Houston begins sending Proposition B raise checks to firefighters

Houston Mayor Sylvester Turner's office issued layoff notices to 67 fire academy cadets April 4.

Houston Mayor Sylvester Turner's office issued layoff notices to 67 fire academy cadets April 4.

The city of Houston began issuing $27.43 million in delayed raises to Houston firefighters on May 10 that are intended to bring them into pay parity with police starting from Jan. 1, according to a statement from the city.

The raises were mandated by the passage of Proposition B in November.

A total of $31 million in raises will be paid out before the end of the fiscal year on June 30. Another 4% raise is slated to come starting July 1 to match a police officer raise that also takes effect with the new fiscal year, according to the city.

"I still believe Proposition B is very bad financial policy for the city. However, I also believe the firefighters deserve a raise," Mayor Sylvester Turner said in the release. "The issue of the legality of Proposition B is left to the courts, but I want Houstonians to know that we are moving forward to implement Proposition B and fulfill the will of the voters, in a fiscally prudent manner without jeopardizing the financial integrity of the city."

Implementing the raises has led to layoff notices being sent to dozens of city workers and fire cadets, as well as 220 firefighters.

The step drew criticism from the firefighters' union president, who called the implementation of these stopgap raises "a dumpster fire" because the way these raises were calculated were not explained to nor vetted by the union, which could trigger grievance claims from individual firefighters, according to the union.

“Hundreds, if not thousands, of Houston firefighters got paychecks today that were wrong," said Houston Professional Fire Fighters Association President Marty Lancton.

The city is funding the raises by drawing down its fund reserves, officials have said. With mediation between the union and the city exhausted, a county district judge is weighing a ruling that could invalidate the proposition or reaffirm it.

By Matt Dulin
Matt joined Community Impact Newspaper in January 2018 and is the City Editor for Houston's Inner Loop editions.


Gov. Greg Abbott announced a special legislative session will begin July 8. (Trent Thompson/Community Impact Newspaper)
Gov. Greg Abbott announces special legislative session to start July 8

Agenda items will be announced before the session begins, according to a release from the governor's office.

The Bellaire City Council is considering a specific use permit that will allow Bellaire Church of Christ to construct new parking on the northern portion of 8001 South Rice Avenue. (Hunter Marrow/Community Impact Newspaper)
Bellaire City Council considers new Church of Christ parking lot

The proposal, which faces opposition from several homeowners, could be further deliberated by the council on July 19 before a permit is approved or denied.

Texas Medical Center coronavirus updates: Hospital system reports 2.2% positivity rate, down 13% year to date

COVID-19 patient numbers at medical center hospitals are down to 309 from the over 2,000 patients those same hospitals were housing in January.

The text of General Order No. 3, which Gordon Granger issued from Galveston in June 1865 to explicitly liberate enslaved Black Texans, runs across the bottom of the mural. (Colleen Ferguson/Community Impact Newspaper)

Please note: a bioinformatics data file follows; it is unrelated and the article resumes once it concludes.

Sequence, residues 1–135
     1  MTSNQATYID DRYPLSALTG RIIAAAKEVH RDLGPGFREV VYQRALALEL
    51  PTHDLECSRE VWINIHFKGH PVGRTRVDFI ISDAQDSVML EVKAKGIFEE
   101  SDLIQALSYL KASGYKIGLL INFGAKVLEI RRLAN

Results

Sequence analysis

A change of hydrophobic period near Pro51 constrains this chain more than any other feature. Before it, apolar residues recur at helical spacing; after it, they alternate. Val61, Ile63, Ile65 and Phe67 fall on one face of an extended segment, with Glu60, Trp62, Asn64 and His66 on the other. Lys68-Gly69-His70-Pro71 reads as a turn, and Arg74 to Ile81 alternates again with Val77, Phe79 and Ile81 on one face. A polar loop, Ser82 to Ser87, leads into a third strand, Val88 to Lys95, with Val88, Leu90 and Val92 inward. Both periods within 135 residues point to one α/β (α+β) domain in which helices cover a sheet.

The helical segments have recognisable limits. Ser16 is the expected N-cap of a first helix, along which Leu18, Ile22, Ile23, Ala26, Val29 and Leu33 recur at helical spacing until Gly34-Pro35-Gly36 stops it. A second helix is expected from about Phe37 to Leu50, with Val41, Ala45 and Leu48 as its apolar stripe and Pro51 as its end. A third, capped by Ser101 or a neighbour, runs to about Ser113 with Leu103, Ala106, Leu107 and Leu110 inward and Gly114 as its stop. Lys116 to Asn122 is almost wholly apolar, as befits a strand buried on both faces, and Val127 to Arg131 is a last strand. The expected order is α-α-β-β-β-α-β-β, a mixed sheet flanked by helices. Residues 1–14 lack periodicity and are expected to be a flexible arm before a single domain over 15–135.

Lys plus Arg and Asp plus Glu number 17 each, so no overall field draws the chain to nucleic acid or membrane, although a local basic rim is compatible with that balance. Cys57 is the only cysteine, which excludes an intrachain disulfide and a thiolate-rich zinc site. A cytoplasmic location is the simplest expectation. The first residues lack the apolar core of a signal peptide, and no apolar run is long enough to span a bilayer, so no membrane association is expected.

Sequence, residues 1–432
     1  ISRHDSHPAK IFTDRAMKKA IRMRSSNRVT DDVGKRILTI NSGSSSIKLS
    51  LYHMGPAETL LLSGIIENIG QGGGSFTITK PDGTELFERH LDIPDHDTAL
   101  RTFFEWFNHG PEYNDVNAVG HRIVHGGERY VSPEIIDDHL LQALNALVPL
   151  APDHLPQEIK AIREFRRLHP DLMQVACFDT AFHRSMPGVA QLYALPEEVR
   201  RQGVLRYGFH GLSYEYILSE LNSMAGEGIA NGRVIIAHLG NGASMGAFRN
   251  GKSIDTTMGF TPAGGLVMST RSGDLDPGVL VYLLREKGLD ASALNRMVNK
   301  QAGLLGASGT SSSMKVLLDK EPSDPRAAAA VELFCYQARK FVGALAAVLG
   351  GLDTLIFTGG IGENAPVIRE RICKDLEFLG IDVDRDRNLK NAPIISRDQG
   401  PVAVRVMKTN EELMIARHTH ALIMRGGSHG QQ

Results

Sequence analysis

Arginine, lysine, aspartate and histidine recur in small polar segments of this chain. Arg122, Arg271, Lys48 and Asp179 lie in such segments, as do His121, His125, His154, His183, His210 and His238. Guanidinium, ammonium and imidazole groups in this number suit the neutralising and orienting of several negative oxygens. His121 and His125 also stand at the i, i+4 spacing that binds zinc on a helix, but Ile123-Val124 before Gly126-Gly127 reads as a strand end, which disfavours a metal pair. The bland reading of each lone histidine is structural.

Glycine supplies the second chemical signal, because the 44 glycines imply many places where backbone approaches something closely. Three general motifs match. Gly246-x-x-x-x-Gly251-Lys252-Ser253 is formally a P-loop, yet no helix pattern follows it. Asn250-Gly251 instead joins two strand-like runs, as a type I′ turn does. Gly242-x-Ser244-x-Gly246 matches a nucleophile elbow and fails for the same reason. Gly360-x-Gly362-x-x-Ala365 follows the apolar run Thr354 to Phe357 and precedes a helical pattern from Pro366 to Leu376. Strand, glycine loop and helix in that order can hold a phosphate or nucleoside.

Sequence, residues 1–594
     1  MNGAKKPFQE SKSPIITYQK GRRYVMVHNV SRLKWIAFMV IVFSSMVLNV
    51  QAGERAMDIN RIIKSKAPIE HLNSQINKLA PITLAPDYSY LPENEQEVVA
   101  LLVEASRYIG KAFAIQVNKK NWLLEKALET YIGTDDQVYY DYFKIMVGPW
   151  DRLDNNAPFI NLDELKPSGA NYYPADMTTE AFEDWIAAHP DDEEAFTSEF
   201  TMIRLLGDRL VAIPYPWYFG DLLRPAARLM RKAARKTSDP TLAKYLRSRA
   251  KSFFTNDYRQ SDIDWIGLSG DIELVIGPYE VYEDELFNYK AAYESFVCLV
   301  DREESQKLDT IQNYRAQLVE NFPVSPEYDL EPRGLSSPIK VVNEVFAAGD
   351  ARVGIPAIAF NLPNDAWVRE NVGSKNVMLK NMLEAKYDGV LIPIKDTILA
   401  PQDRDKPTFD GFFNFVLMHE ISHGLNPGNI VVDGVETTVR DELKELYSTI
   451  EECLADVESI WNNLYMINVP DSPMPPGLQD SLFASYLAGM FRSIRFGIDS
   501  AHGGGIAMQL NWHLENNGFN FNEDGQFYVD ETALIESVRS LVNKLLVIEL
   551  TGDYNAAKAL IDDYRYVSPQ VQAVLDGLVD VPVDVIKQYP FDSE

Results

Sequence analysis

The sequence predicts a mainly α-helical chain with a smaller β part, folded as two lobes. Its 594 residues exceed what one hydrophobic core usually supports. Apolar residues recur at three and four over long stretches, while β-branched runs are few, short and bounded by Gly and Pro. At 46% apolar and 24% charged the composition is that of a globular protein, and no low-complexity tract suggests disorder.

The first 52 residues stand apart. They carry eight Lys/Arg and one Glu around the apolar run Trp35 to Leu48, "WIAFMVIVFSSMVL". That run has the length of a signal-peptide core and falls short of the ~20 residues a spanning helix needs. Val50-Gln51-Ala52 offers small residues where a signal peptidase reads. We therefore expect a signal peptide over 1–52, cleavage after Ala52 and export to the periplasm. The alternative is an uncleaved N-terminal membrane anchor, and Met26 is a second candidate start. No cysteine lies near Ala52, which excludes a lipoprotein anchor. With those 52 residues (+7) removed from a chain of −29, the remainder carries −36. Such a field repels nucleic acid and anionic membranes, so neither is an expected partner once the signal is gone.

‘I am filled’: Houston-Galveston area celebrates first Juneteenth as federal holiday

See how local policymakers, historians, artists and philanthropists honored the Juneteenth holiday at its birthplace with the dedication of a 5,000-square-foot mural.

The Texas Central rail connection from Dallas to Houston will feature a bullet train similar to this one. (Courtesy Texas Central Partners/Community Impact Newspaper)
Texas Supreme Court declines to review high-speed rail case, freeing company up to use eminent domain

Texas Central, the company looking to build a 236-mile high-speed rail line connecting Houston and Dallas, has been given a big win in an ongoing legal battle over whether the company is legally recognized as a "railroad company" under state law.

The East River 9 golf course and Riverside Houston restaurant will be overlooking the city of Houston skyline. (Rendering of Riverhouse Houston; Courtesy of Sterling Illustration)
Golf course, restaurant coming on bank of Buffalo Bayou

A new public golf course and restaurant are coming to Houston’s Fifth Ward on the bank of Buffalo Bayou in early 2022.

There will be various events across the Houston area celebrating the Fourth of July, including League City's Fireworks Extravaganza. (Courtesy of League City)
12 Fourth of July weekend events, celebrations to attend in the Greater Houston area

Here are 12 Fourth of July weekend events throughout the Houston region.

ribbon cutting
Nearly $400M project to boost Houston-area water supply by up to 500M gallons a day

The project has been in development for over 50 years and broke ground in 2017.

Following Hurricane Harvey, debris lined the streets in many parts of Harris County. (Danica Lloyd/Community Impact Newspaper)
After Department of Housing and Urban Development denies request, Texas General Land Office drafting plan to subaward Harris County $750M for flood mitigation

The Texas General Land Office now plans to subaward Harris County flood mitigation funding after the county was left out of recent Hurricane Harvey relief funds.

Harris County Pets facilitates pet adoptions, foster placements and more. (Courtesy Harris County Pets)
Harris County Pets temporarily waives adoption fees to control increase of population

Harris County Pets has exceeded its capacity to house its growing pet population, officials said.